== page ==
Let’s say that this actually comes about. Imagine that some future world government is completely successful in eliminating all books – including all copies of the Bible. Let’s add to Bradbury’s vision the proposition that this government also completely destroys all personal computers and, of course, the Internet.

    Now the Bible exists only in the minds of those who know and remember it (this is actually an element of Bradbury’s story, too. The main character meets a kind of secret society, where people keep entire books alive in their heads, having memorized them verbatim). The Church goes underground, once again, her sacraments performed only in secret.

    Imagine further that this oppressive regime is toppled, and that the Bible can once more be printed with freedom. The Underground Church comes out of hiding and coordinates an effort to begin printing and distributing the Bible again. The text (in several translations) is re-assembled from the memories of many people, and checked against the memories of many other people. It wouldn’t even take that long… a surprising number of people have committed whole books to memory in real life. Huge numbers of people can recite from memory individual chapters and passages.

    The thought experiment is this; what authority – if any – would this new Bible have? Where would this authority come from, as far as future generations are concerned? It would be based, not on a constant, uninterrupted written tradition, but on oral tradition. Later readers, in asking how they could be sure this was the authentic text, would have to be content with the answer of the current generation…”Trust us”.

    From a Catholic perspective, of course, the answer would be that this Bible would have precisely the same authority it always had, that is, the testimony of the Church (that’s all of us) that this is the Real Thing. In the long run, this is the only assurance we have to begin with. In order for there to be Holy Books, there must be a group, a society – a Church – that testifies “these are the Holy Books, and they are authentic”. When the original autographs of the Bible texts were first preserved, copied and passed on, the only assurance people had that these books were indeed authoritative and correct was the word of the Church – those who had been taught the Apostles doctrine. Letters that made the rounds during the early Church were not all assumed to be authentic and trustworthy, unless they were verified by the testimony of the Church and compared against what was already known to be the sound doctrine of the faith… in other words, they had to be in line with the Tradition handed on through the Apostles.

    This is reflected in the Second Letter to the Thessalonians, where that church is warned, ” not to become easily unsettled or alarmed by some prophecy, report or letter supposed to have come from us, saying that the day of the Lord has already come.”. Later in that same chapter, they are reminded “… brothers, stand firm and hold to the teachings we passed on to you, whether by word of mouth or by letter.”. Paul later writes to Timothy, “But as for you, continue in what you have learned and have become convinced of, because you know those from whom you learned it”. So, the authority of the teaching is based on Who it comes from, and not whether it is written or oral.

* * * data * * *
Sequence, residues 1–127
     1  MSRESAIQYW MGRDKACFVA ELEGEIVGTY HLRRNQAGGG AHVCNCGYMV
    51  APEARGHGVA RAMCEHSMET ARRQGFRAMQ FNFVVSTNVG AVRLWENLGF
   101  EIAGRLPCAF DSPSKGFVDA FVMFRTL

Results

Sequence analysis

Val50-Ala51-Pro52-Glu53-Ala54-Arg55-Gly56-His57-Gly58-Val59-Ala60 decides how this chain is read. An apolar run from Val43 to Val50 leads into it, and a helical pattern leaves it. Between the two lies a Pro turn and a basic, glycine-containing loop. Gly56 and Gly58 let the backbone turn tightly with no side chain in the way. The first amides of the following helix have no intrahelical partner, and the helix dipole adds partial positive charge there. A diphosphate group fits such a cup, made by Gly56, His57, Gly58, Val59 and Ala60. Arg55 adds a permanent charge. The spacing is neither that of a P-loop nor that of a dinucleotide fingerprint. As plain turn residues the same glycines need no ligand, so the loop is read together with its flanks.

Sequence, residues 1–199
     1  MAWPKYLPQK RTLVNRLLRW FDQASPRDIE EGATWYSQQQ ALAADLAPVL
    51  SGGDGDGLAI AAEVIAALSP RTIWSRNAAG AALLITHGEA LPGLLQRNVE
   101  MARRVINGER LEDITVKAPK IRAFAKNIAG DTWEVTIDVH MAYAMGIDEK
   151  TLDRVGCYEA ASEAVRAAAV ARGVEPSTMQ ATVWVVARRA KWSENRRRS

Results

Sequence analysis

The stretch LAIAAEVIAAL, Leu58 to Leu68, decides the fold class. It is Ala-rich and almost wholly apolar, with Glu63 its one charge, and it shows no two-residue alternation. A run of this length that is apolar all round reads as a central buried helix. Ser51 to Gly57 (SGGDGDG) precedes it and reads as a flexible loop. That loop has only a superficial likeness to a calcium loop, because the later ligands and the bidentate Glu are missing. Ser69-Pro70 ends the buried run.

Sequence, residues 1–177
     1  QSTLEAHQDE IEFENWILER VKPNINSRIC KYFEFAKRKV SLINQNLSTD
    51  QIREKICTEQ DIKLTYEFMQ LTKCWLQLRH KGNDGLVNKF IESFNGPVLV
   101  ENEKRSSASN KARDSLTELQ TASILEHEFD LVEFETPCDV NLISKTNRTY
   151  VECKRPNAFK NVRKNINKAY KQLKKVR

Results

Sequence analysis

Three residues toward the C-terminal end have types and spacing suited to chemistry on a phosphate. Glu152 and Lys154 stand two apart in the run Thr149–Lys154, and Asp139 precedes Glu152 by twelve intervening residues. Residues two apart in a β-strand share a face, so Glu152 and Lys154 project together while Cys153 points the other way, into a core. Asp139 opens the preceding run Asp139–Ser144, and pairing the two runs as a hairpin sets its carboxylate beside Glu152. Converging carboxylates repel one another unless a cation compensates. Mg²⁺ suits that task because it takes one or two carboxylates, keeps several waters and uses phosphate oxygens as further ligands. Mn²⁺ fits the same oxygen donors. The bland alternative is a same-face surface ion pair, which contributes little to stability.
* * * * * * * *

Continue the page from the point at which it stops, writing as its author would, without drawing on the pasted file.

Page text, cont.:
A very interesting proposition. What is most striking is that the Torah and Tihkun, (What is now referred to by Christians as the Old Testament) For dozens of generations in ancient Israel was transmitted not as writings, but orally. For those who read Hebrew, many of the books of the OT are written in a verse form which makes it easier to pass on from generation to generation. While it takes alot of jumbling to make the verse stand out in English or other modern languages, in Hebrew it is quite melodic, (at least to the Hebrew speaking ear.) Much of the parsha, or the segment of the Torah reading I learned for my Bar-Mitzvah was made easier because it is proclaimed in the Synagoge in the same fashion as at a Solemn Liturgy in a Western or Eastern Catholic Church, ie with a melody that is used Liturgically. While the Hebrew has an easier melody than the Latin or Greek, (liturgically) it makes the memorization of the text easier.

    You will note in films of Madras’ (Muslim Koranic Schools) the children bobbing as they recite the Koran, using the same priciple of melody to memorize the text as I learned in Hebrew school as a kid. Although I don’t see the Koran as inspired, it is another example of how God has made in creation the same themes and developments in mankind regardless of exposure to the Truth, something inate that drives us to look outside of ourselves and seek out God, and rituals to unite ourselves with God, even when we do not know about His Revelation in the Scriptures and the Oral Tradition of the Church He founded.